Fourth, what happens from a constitutional perspective if a jurisdiction runs a deficit? Are there any sanctions? Or is the requirement to balance budgets every year merely aspirational — desirable but not mandated? What provisions are there for the state to step in? Who initiates the process — the governor or the General Assembly? We’d better get answers because my guess is that the problem is not going to go away.

Chicago on the James?

richmond_skylineby James A. Bacon

As if the City of Richmond didn’t have enough problems, now tensions are erupting between the executive director, board of trustees, and members of the city pension fund’s investment advisory committee. Based on the account by Michael Martz at the Richmond Times-Dispatch, the rancorous relations between pension director Leo F. Griffin and members of the investment advisory committee might have originated over policy but have now gotten personal.

The underlying issue appears to be over who should control the pension’s investment decisions. For years the investment advisory committee set policy in lieu of hiring a high-priced chief investment officer. But Griffin, who took on his post three years ago, allegedly has been working behind the committee’s back to assume control of rebalancing the system’s investment portfolio and making other investment decisions, while blocking the flow of information to committee members. In effect, Griffin is alleged to be changing the governance model of the pension fund without a serious discussion by the board.

Like most Richmonders, I had never heard of the Richmond Retirement System. I assumed that the Virginia Retirement System ran the city’s pensions. But, no, the city’s $540 million fund is responsible for paying the retirement benefits of nearly 10,000 retired and current city employees.

funding_progressThis fracas follows on the heels of a proposal by Richmond Mayor Dwight Jones earlier this week to raise taxes and borrow $580 million over the next ten years to fix the city’s derelict public school buildings and meet other capital needs approaching $1.5 billion. The two sets of issues are linked because, it turns out, city pensions are only 63.5% funded, and the unfunded liability amounts to $310 million. As seen in the “Schedule of Funding Progress,” the city has made only marginal progress during the past seven years of economic expansion to restore the pension to the fully funded position it had in 2000.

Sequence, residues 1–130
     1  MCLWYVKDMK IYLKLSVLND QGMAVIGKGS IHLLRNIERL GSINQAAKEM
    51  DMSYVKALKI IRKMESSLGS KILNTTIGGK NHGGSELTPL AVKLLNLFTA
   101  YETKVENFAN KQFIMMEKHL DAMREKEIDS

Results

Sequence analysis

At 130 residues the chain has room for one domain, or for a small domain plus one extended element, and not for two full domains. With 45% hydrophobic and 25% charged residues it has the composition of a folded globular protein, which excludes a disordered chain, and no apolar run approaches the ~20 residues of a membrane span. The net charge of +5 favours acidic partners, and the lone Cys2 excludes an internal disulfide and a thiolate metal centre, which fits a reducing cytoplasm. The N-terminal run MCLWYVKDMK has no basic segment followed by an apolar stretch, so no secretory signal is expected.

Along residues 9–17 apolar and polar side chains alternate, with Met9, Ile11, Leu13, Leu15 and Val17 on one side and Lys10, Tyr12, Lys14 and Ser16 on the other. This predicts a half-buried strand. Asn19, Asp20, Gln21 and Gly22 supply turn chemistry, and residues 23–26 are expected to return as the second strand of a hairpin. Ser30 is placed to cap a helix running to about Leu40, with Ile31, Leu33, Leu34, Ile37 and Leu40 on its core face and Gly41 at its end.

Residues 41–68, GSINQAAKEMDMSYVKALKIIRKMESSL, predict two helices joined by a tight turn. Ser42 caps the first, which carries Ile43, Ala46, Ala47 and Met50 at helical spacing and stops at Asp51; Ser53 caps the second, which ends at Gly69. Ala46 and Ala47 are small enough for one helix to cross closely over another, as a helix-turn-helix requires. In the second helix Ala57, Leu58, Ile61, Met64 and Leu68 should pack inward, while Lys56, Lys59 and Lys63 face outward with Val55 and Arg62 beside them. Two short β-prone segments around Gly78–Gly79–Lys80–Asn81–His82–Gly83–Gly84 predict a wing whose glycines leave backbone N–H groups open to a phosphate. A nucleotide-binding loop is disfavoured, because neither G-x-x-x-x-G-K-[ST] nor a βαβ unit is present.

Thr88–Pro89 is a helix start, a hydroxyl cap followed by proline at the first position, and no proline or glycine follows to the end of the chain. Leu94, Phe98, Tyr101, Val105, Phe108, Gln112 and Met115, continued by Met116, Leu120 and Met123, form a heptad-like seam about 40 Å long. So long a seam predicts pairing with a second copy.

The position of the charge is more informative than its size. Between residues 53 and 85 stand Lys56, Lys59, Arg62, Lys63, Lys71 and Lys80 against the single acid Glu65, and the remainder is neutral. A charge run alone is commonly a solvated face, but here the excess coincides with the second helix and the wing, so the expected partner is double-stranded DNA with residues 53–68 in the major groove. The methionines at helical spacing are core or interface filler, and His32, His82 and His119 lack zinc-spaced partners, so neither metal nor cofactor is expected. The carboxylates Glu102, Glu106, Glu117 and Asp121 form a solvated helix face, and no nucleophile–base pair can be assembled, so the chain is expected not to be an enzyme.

In reading the pension fund’s 2015 Comprehensive Annual Financial Report, I see that the pension fund could be even more fragile than it appears from those numbers. When calculating its unfunded liabilities, pension managers assume that the fund’s assets will generate an annualized rate of return of 7.5% over the long run. By contrast, the Virginia Retirement System assumes a “discount rate” of only 7.0%. Some pension observers say that, in an era of persistent, near-zero interest rates, the discount rate should be even lower.

The discount rate used by municipal pension funds has political ramifications. A higher rate assumes greater investment returns, which reduces the funds the City of Richmond has to contribute each year to support the pension. But if actual performance falls short, the city will have to increase its annual payout, much as the General Assembly has done in recent years to shore up state pensions.

Fiscally speaking, we live in perilous times. We fantasize that we’ll always be able to muddle along. Then along comes Puerto Rico, which shows how dysfunctional our political system can get when managing long-term debt. Closer to home we can observe the political turmoil created when Illinois and Chicago, a state and city with massive unfunded pension obligations, struggle to avoid becoming the next Puerto Rico.

The City of Richmond is an awesome place and, economically speaking, has more going for it than any time in 30 or 40 years. But weak finances may be its Achilles heel.

Questions about Bidding War for FBI HQ

Rendering of proposed new FBI headquarters

Rendering of proposed new FBI headquarters